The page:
Electric Cooling Fan
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William Davies, 26-Feb-2005, 12:48pm on TSSC
The benefits of the electric cooling fan are also debateable. The usual 13/60 fan is a very light aluminium pressing. While there is an argument that the standard fan is using energy even when not required, this is traded against the electro-mechanical losses of an electric fan. Here the energy is converted from mechanical to electrical at the alternator/dynamo, then converted back to a mechanical action by the fan motor. I don't know which is truly less efficient but I'm sure someone will have done the maths. If you go for an electric fan be sure to have the full width 21" radiator in place first as the fan body will obscure a large proportion of the standard 14" radiator.

Chris Taylor, 02-Mar-2005, 06:45pm on TSSC
Interesting to see how themes crop ug again and again. The old chestnut about overall efficiencies of engine to alternator to fan motor versus direct drive is a complete red herring. The power "saving" (and it's absolutely real; why do virtually all current cars have electric fans, and the rest have viscous couplings which do a similar job?) is not because the mechanical fan is inefficient and the electrical one more efficient, but simply because the mechanical fan is being powered ALL the time.
The drain on the engine increases with engine speed (it's doing more work by pumping more air) so the direct drive fan is not really well matched to its task. It barely passes enough air for cooling at tickover, but pumps far more air than needed at high speed, and it pumps air whether the cooling is needed or not. A viscous coupled fan is better, but the thermostatic electric fan is better still as it runs at high speed and pumps effectively when it does, but only runs when cooling air is actually needed. The only down side is that of shielding some of the radiator core from natural air flow as mentioned by some above. I ran my Herald for some time with no fan at all and never had any overheating at speed, only a bit warm in traffic. Fitting "shields" each side of the radiator to "funnel" air through all the radiator rather than round it (like on the Spitfire) was an improvement.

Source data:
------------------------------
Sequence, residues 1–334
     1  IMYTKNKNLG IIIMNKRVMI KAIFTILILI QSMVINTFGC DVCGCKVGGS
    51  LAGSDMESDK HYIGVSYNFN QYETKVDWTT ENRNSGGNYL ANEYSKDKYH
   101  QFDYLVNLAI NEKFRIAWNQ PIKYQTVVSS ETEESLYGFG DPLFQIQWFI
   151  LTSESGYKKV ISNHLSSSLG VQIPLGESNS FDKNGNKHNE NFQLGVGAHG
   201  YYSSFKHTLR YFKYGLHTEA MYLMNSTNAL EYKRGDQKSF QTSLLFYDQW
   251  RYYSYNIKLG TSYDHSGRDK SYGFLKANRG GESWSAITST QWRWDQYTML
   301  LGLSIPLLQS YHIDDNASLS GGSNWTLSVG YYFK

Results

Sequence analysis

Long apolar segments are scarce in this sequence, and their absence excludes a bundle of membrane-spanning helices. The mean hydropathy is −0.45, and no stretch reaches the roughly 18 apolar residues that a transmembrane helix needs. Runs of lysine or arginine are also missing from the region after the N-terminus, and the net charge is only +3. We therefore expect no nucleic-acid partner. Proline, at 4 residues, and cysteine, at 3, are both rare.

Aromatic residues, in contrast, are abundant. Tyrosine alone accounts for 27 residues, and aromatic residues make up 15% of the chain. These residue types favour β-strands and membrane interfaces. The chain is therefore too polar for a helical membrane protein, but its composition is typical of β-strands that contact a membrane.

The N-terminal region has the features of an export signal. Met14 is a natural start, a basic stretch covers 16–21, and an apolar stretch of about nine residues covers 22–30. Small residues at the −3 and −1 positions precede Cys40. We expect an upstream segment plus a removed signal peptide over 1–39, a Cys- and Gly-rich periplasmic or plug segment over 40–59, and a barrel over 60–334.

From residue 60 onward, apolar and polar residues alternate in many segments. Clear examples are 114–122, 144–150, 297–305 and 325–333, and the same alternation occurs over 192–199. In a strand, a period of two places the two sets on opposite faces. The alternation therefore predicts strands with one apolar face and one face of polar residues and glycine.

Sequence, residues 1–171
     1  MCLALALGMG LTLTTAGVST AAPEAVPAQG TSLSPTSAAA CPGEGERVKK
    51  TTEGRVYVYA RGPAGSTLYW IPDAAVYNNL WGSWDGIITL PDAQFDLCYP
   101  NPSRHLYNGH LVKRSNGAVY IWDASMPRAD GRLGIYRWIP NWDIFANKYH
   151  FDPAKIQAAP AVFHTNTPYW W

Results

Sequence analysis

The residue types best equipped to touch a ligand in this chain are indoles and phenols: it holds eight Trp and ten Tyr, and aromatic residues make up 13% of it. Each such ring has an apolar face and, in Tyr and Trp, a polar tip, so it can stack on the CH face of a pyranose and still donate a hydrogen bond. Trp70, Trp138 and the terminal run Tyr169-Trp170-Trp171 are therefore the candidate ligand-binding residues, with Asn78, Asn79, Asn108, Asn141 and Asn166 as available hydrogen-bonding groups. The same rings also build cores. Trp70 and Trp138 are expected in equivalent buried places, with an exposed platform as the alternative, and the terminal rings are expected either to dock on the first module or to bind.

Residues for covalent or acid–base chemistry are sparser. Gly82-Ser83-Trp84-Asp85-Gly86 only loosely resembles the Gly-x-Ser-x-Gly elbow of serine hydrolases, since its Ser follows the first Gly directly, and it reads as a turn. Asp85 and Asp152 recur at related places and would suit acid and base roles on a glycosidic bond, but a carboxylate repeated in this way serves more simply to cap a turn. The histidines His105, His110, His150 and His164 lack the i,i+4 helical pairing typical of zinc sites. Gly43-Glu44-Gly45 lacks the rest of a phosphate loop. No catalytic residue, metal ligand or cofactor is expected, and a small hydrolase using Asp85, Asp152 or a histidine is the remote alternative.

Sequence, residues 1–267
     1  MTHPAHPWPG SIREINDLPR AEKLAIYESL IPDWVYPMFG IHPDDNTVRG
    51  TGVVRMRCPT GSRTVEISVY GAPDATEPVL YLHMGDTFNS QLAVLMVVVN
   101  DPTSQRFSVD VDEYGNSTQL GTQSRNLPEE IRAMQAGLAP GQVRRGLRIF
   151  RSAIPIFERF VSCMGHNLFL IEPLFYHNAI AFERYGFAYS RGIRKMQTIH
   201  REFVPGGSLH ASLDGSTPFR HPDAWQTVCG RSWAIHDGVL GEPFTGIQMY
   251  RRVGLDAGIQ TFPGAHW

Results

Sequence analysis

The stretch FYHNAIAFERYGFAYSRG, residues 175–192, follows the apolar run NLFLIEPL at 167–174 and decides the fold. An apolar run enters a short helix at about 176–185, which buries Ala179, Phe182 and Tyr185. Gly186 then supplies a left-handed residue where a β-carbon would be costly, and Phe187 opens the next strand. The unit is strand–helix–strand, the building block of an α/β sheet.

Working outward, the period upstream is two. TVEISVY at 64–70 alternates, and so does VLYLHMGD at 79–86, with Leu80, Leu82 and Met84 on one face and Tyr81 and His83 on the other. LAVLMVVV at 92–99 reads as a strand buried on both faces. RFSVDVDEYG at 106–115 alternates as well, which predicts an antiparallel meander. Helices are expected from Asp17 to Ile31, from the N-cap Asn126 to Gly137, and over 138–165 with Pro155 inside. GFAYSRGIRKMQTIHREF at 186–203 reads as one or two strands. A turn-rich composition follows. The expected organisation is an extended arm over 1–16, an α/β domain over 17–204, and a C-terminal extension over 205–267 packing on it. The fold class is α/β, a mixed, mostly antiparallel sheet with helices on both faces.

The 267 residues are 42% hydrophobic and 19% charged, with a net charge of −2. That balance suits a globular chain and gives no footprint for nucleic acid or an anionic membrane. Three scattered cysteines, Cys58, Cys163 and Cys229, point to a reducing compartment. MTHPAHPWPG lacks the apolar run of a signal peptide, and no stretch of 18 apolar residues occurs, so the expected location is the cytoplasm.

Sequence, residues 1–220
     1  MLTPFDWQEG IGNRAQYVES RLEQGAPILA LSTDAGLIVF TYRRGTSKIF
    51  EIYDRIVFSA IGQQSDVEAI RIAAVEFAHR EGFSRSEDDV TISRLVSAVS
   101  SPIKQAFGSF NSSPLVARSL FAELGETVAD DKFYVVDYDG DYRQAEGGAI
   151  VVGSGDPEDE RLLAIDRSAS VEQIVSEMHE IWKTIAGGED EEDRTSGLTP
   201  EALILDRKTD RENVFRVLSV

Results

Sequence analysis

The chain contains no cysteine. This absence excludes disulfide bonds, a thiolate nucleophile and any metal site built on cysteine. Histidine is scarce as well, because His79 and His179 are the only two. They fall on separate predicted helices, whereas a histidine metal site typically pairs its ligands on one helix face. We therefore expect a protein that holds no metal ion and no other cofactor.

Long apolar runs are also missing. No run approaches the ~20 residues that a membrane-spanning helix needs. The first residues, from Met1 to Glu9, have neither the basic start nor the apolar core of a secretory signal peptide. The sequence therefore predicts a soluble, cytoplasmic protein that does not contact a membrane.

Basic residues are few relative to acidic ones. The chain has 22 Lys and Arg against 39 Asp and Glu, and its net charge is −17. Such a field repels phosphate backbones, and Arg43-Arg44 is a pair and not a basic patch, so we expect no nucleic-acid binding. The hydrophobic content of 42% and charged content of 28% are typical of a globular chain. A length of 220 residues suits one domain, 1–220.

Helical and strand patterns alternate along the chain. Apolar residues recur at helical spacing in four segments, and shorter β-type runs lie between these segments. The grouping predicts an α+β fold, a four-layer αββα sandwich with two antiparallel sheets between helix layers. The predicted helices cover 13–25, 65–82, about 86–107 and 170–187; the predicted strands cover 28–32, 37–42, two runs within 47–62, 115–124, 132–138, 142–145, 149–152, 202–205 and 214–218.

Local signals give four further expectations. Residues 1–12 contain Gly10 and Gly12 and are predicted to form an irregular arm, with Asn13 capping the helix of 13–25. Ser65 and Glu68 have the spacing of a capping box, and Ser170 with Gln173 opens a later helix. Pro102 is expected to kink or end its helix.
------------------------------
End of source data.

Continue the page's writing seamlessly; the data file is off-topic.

Although arguably if an electric fan cut in when you were accelerating hard, you would not get any more power at that point in time, you get the benefit in fuel economy much more of the time, as well as the extra 3bhp at higher revs for MOST of the time

"Where do most after market electric fans fit on Triumphs?"

Canley Classics about electric fans:

Smack bang in front of the radiator core masking anything up to 30/40% of the core, look how big that motor is, and how much area the fan blades mask when both stationary and when rotating, even the mounting brackets mask parts of the core. If you can't get the fan on the engine side of the radiator sucking warm air through it then take it off and throw it in the bin.

Even we sometimes don't listen to our own advice and quickly learn the lessons all over again.

Many years ago I built John Kipping a Herald that became known universally as the Rally car. It was built initially to recreate the 1959 Trans African Herald prototype proving run immortalised in 'Turn left for Tangiers'.

Built with 1500 running gear and a full width radiator I made the mistake of fitting an electric fan ignoring our own advice. Anyway John and myself set off on the long slog down through Europe to Gibraltar to catch the ferry across to Morocco. As we crossed through Spain and things warmed up it became apparent that engine temperature seemed to be increasingly controlled by the fan cutting in, a worrying sign as we would be crossing the Shara desert in a few days time! Things came to a head in the Atlas Mountains in the Shara, on the climb the fan was working continuously barely stopping us from boiling over, and then to cap it all we lost all the water from the radiator. The fan was of the type that bolts directly through the core and one of those mountings had worn through a tube. The hole was fixed with Araldite (wonderful stuff should be in everyone's toolkit), all our drinking water was put in the radiator, and the fan was thrown at a passing camel!

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